Related provisions for SUP 8.3.6
1 - 14 of 14 items.
Under section 138A(4) of the Act, the appropriate regulator7 may not give a waiver unless it is satisfied that:77(1) compliance by the firm with the rules, or with the rules as unmodified, would be unduly burdensome, or would not achieve the purpose for which the rules were made; and(2) the waiver would not adversely affect the advancement of, in the case of the PRA, any of its objectives and, in the case of the FCA, any of its operational objectives.77
7The FCA must consult the PRA before publishing or deciding not to publish a waiver which relates to:(1) a PRA-authorised person; or(2) an authorised person who has as a member of its immediate group a PRA-authorised person;unless the waiver relates to rules made by the FCA under sections 247 or 248 of the Act.
If the appropriate regulator7 believes that a particular waiver given to a firm may have relevance to other firms, it may publish general details about the possible availability of the waiver. For example, IPRU(INV) 3-80(10)G explains that a firm that wishes to use its own internal model to calculate its position risk requirement (PRR) will need to apply for a waiver of the relevant rules.7
Under section 138A(1) of the Act the appropriate regulator7 may give a waiver with the consent of a firm. This power may be used by the appropriate regulator7 in exceptional circumstances where the appropriate regulator7 considers that a waiver should apply to a number of firms (for example, where a rule unmodified may not meet the particular circumstances of a particular category of firm). In such cases the appropriate regulator7 will inform the firms concerned that the waiver
For an application for a waiver of the presumption of contravention of a binding rule, which is actionable under section 138D7 of the Act, the appropriate regulator7 would normally wish to be satisfied that the evidential rule is itself unduly burdensome or does not achieve the purpose of the rule.277
3The FCA must consult the PRA before publishing or deciding not to publish a waiver which relates to:(1) a PRA-authorised person; or(2) an authorised person who has as a member of its immediate group a PRA-authorised person;unless the waiver relates to rules made by the FCA under sections 247 or 248 of the Act.
When considering whether it is satisfied under section 138B(2)3, the appropriate regulator3 is required by section 138B(3)3 of the Act:333(1) to take into account whether the waiver relates to a rule contravention of which is actionable under section 138D3 of the Act (Actions for damages); Schedule 5 identifies such rules;3(2) to consider whether its publication would prejudice, to an unreasonable degree, the commercial interests of the firm concerned, or any other member of its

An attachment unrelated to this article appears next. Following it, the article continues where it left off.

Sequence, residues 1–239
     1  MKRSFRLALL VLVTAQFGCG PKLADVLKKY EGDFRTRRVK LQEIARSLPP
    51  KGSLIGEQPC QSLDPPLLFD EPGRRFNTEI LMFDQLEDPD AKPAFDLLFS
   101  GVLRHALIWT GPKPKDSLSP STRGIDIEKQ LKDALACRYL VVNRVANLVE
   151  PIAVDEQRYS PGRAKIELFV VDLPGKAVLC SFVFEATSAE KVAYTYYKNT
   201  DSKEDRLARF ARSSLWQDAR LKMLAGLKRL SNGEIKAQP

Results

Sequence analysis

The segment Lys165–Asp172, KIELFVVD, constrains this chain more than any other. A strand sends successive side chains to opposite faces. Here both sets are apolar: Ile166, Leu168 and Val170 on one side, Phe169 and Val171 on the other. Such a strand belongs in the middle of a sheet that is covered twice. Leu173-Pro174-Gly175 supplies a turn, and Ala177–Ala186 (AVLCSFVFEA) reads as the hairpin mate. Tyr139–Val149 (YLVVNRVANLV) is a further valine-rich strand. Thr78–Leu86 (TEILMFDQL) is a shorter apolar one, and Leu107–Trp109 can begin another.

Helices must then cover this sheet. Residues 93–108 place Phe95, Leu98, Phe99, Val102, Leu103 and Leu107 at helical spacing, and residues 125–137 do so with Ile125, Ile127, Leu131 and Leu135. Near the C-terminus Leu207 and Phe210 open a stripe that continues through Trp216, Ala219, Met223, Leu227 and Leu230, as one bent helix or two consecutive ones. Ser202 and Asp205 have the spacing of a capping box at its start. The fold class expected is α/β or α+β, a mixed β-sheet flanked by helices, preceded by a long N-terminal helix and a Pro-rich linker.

Waivers can affect the legal rights of third parties, including consumers. In the appropriate regulator's3 view it is important that the fact and effect of such waivers should be transparent. So the fact that a waiver relates to a rule that is actionable under section 138D3 of the Act (see SUP 8.6.2 G (1)) will tend to argue in favour of publication.33
If the appropriate regulator1 gives a firm a waiver, then the relevant rule no longer applies to the firm. But:1(1) if a waiver directs that a rule is to apply to a firm with modifications, then contravention of the modified rule could lead to appropriate regulator1 enforcement action and (if applicable) a right of action under section 138D1 of the Act (Actions for damages); and11(2) if a waiver is given subject to a condition, it will not apply to activities conducted in breach
Substantive changes to the rules (this would not include simple editorial changes) in the Handbook may affect existing waivers, changing their practical effect and creating a need for a change to the original waiver. The appropriate regulator1 will consult on proposed rule changes. A firm should note proposed rule changes and discuss the impact on a waiver with its appropriate1 supervisory contact.111
If a firm ceases to be a participant firm or carry out activities within one or more classes54 part way through a financial year6 of the compensation scheme:44(1) it will remain liable for any unpaid levies which the FSCS has already made on the firm; and41(2) the FSCS may make one or more levies4 upon it (which may be before or after the firm5 has ceased to be a participant firm or carry out activities within one or more classes5,4 but must be before it ceases to be an authorised
ModuleRelevance to Credit UnionsThe Principles for Businesses (PRIN)The Principles for Businesses (PRIN) set out 3high-level requirements 3imposed by the FCA3. They provide a general statement of regulatory requirements. The Principles apply to all9credit unions. In applying the Principles to credit unions, the FCA3 will be mindful of proportionality. In practice, the implications are likely to vary according to the size and complexity 3of the credit union.99999Senior Management